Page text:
Statesboro, GA, USA
I agree with Ringo, that there is much similarity between the early teachings of Taoism, and Judeo-Christian ethics. But there are also some important irreconcilable differences to be noted too. I'll try to explain.
The "Tao" was initially taught as a universal standard of proper behavior, a "way" to live in moral and physical harmony with nature. I think it is dead on here. I do think there is a standard in this universe which flows either from it, or through it (that's another discussion as to which is tenable). This standard was not seen as volitional. It was imposed by the universe upon those who inhabit it. This is absolutely harmonious with the Judeo-Christian belief that God has created physical, moral, and spiritual laws to govern his created Universe, and that we are subject to them.
Sometime later, the Tao became identified with the monistic "ALL" of pantheism. From something that had definitive bounds, it was later said to be the transcendent which denies all bounds. The problem with that is, once you erase bounds, you have simply stepped outside of any prescriptive mode, into a purely descriptive mode. As someone said, by doing so you are "trying to get a conclusion in the imperative mood out of premisses in the indicative mood". Put simply, to deny form and definition, is to deny any formula for living.
Consider the quote you gave ...
Once you formalize God with a certain shape and colour and robe, you fight over what is in your mind as opposed to what is in someone else's mind. At the true spiritual level, conceptual vision is both all right and all wrong, until you reach the subtle essence.
You would think this writer is trying to describe simple moderation, respect, and prudence in judging right and wrong (which I agree with). But, if its in the spirit of Eastern Philosophy, it is most likely telling us that there IS no such thing as a real right and wrong. When you get enlightened, or transcend the temporal, you supposedly get to a place where the good/ evil, and right/ wrong distinctions dissappear altogether. But if these distinctions are lost, then nothing can be said of a "way". And the means to this "blissful" loss of distinction in Eastern traditions, Karma, makes no sense if the ultimate ground of reality denies any right or wrong.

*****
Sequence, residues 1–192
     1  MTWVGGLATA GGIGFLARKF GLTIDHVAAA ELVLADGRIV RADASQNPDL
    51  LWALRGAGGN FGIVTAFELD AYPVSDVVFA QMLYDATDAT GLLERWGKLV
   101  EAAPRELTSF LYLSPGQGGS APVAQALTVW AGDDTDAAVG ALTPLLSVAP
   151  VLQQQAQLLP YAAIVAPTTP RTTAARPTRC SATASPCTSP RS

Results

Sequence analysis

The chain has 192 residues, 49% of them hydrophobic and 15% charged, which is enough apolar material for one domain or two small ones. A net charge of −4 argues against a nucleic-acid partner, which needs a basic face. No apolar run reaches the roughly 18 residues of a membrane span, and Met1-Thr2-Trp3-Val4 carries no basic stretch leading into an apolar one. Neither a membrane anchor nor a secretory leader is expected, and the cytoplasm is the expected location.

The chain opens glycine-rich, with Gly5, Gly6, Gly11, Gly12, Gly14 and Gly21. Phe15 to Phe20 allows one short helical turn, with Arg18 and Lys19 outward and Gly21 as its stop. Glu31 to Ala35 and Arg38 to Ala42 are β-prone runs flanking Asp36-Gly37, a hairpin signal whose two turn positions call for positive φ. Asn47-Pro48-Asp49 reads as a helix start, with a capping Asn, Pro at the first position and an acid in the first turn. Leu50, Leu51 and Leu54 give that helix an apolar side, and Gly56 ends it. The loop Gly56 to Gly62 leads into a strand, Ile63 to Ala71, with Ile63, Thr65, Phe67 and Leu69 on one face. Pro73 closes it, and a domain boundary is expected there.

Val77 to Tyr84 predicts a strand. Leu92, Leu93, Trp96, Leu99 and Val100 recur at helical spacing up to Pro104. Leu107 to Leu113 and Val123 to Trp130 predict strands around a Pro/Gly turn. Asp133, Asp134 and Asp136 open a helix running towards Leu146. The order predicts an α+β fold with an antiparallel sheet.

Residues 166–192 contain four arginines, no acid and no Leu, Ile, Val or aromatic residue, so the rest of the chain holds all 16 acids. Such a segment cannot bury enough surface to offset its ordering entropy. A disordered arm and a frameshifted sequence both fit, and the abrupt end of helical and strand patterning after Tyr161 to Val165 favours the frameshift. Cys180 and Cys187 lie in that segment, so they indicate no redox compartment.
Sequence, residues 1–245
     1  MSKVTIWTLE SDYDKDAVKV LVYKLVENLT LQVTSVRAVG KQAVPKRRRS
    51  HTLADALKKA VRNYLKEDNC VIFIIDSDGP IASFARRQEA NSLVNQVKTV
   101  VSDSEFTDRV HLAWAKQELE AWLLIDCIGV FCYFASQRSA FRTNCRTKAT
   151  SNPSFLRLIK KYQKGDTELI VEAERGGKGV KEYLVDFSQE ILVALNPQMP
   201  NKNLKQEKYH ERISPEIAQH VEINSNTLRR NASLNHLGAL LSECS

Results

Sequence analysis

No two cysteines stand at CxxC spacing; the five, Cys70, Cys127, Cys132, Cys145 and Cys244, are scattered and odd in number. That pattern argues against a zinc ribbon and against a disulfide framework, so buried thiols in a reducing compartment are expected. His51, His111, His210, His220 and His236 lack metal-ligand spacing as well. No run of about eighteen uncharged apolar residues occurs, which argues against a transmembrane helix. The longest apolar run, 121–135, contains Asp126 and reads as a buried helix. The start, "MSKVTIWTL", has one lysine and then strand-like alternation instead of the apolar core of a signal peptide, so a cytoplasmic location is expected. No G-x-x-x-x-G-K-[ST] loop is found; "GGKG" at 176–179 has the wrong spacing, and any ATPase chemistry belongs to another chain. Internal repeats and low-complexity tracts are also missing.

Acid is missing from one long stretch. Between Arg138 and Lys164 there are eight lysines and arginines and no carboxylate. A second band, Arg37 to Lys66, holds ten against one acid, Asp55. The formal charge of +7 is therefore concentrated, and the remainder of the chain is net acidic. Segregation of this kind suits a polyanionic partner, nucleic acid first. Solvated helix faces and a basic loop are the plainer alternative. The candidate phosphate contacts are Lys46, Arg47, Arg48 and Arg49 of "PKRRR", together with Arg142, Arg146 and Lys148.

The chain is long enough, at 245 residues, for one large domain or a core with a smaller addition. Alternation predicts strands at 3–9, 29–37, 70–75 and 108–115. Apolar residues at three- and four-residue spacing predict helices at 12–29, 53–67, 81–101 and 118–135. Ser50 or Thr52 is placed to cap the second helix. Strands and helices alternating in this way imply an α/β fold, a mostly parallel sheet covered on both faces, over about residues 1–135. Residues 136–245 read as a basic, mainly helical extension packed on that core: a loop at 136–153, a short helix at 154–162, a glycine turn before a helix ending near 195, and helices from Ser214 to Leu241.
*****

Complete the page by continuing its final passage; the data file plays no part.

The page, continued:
All good principles merge together as one good unified principle that exists prior to any of the momentary teachings that were developed. It is Tao.
Before I respond to that, I would like to ask; What would such principles be? And why should we think them "good"?
Tao is the potency of the universe. It includes all Gods, all deities, all divine beings, all spirits, and all souls.
If Tao is the potency of the universe, then what is the impotency? What is the disorder that clashes with order? What is the entropy which is at war with growth? What is the dishonorable which is counter to honor? Already a distinction is made, and a shape is being formed.
This means that all things have Tao as their deep root.
All things? Or only those things which reflect "potency" or "goodness"? If it is all things, then it should include all things in it's promotion. The Hindus were forced to acknowledge this through the godess Kali, whose horrid features displayed death, destruction, and woe. When the creation is deified, how can we pick and choose among the "ALL"?
One can ask, "is God the source?" If so, then God must have some shape. If he is formed, then he is no different than we are; he is only one of the offspring. Tao is the final source, the unformed origin of all things.
This is only insisting that the ultimate ground of reality must be impersonal. But if it is, then distinctions cannot be attributed to it. If distinctions cannot be attributed to it, then talking of a "way" doesn't make any sense. Unless the ultimate source of reality is personal, then principles cannot be anything as binding and necessary as the writer you quoted claims. Mind you, I believe in the "principles" he mentions, but don't think they can be accounted for without a personal Creator/ Governor of the universe.